Reformed Philosophy of Education, Introduction (Part 1)

Dear Reader,

This post is part of my ongoing series in search of a reformed Christian theology of education. Find all the posts here.

In preparation for my big upcoming post which puts together my philosophy of education in one place, I have a couple of quick posts which set up a little more background and/or give details that don’t quite fit in the long post.  Today I’d like to look at where my philosophy falls in terms of the 4 Ways to Approach Education outlined by Cornelius Jaarsma.

In his schema, any approach to education will fall into one of four categories (or combine them in some fashion): knowledge-getting, disciplinary, social, and/or psychological. The first of these is the easiest to understand. It focuses on the acquisition of knowledge. It assumes that there is a set body of knowledge outside of man that is the same for all and that this knowledge is worth acquiring. Classical education would fall into this category and would most traditional (read: pre-1900) schooling.

Disciplinary refers to the disciplining not of behavior but of skills or aptitudes. That is, it seeks to train the faculties. If you talk about learning how to learn, you have a disciplinary approach. Much of classical also has a fair amount of the disciplinary in it. Montessori and Waldorf are also in this category.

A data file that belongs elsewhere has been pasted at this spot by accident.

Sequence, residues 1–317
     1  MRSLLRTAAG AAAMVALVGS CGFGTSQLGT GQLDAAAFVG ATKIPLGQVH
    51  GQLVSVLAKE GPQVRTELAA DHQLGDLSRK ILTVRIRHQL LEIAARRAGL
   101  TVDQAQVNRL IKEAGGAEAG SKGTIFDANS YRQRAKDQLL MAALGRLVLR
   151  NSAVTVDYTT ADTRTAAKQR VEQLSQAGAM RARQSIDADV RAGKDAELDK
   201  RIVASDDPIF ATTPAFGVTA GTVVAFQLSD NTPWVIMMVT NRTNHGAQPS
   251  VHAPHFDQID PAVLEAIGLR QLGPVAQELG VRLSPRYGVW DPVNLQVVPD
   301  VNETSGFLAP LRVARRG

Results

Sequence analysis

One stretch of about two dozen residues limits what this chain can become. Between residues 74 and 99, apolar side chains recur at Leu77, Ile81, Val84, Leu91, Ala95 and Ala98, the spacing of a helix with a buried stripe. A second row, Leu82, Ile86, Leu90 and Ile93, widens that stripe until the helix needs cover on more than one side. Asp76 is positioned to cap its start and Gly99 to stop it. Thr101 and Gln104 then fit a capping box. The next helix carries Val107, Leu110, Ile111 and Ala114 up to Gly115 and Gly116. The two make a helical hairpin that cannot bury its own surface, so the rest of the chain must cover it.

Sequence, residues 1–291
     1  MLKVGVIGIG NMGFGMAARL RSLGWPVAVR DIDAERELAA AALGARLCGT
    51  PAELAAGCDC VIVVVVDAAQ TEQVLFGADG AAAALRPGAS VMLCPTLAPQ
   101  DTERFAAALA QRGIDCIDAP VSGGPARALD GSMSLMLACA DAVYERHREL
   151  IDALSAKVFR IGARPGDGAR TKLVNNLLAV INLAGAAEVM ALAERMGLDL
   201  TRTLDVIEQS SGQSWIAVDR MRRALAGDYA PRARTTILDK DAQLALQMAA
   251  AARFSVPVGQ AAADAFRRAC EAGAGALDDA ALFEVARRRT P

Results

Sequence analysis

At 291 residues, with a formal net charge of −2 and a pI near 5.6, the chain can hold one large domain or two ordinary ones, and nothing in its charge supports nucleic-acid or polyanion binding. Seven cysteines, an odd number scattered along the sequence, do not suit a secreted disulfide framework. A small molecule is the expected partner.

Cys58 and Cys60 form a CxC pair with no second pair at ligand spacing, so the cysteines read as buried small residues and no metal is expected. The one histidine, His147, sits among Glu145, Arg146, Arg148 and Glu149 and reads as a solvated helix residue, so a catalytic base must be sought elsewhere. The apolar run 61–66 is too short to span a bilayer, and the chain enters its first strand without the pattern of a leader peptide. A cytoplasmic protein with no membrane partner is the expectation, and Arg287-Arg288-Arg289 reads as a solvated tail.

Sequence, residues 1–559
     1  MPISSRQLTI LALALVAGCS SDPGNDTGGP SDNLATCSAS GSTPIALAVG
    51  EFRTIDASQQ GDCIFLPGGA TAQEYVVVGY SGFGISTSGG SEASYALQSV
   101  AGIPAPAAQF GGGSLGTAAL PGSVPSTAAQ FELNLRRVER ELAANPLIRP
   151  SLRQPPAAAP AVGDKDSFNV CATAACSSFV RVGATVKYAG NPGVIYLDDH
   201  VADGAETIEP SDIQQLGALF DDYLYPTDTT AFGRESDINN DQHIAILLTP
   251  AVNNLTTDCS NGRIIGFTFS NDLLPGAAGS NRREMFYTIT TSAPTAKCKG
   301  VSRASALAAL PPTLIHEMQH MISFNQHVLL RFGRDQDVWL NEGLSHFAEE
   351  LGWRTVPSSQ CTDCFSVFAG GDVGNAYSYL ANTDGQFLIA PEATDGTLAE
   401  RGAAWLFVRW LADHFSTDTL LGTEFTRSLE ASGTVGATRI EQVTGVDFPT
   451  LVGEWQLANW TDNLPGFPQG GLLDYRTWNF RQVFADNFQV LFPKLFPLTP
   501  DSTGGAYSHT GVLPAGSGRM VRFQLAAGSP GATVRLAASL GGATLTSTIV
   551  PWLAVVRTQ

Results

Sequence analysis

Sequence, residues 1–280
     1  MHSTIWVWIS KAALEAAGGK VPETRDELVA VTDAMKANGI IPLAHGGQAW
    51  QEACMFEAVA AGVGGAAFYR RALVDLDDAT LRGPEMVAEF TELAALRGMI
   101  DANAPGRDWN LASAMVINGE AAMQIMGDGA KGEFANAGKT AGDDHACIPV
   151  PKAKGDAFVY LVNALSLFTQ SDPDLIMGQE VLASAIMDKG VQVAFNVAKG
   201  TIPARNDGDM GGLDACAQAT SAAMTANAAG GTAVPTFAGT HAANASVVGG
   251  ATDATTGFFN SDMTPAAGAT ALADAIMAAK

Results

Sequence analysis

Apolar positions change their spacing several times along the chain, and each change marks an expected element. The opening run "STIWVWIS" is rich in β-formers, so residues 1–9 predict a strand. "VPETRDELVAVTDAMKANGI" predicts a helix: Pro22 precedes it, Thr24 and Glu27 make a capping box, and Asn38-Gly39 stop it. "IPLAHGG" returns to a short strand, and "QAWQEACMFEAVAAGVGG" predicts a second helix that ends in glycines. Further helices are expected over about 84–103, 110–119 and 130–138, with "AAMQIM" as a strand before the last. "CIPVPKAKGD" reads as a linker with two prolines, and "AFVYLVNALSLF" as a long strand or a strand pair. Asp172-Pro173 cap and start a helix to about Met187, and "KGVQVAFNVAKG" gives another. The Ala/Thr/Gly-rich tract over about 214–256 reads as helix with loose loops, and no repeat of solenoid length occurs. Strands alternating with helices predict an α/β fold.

Social approaches focus on the community, whether it be the society as a whole or the church. The modern American public school, based on the ideas of John Dewey, has a social approach. But there are also Christian approaches which verge on the social.

Last but not least the psychological approach focuses on the individual. Unschooling is psychological. But, again, Christian approaches can be psychological if their main focus is on the building of the individual. Cornelius Van Til, for example, speaks of the goal of education as conformity to the image of God which he defines as becoming more and more a distinct personality.

So where do I fall in all this? The answer is that there is a blend of approaches with the most emphasis on the knowledge-getting and psychological. My philosophy has a fair degree of knowledge-getting in that it believes that there is a set body of knowledge which exists outside of man. It is not entirely this approach because I do believe that the knowledge serves a larger purpose in the individual’s life (it is transforming) and that not all people require or will acquire the same knowledge.

There is also some aspect of my approach which is psychological in that the transformation of the individual is the immediate goal. Individuals, even when presented with the same material, will not acquire the same knowledge or respond in the same ways. I would say, however, that psychological approaches go astray when they make the individual the measure of success. Our goal needs to be not in the individual himself; we look instead to an outside standard.  While there are some social consequences of my approach, they are secondary. I believe that there can be a lot of danger in a social outlook; when we make the social a first priority, we undercut the value of the individual as a person. 

Next up: A few thoughts on the nature of man and his parts.

Nebby

 

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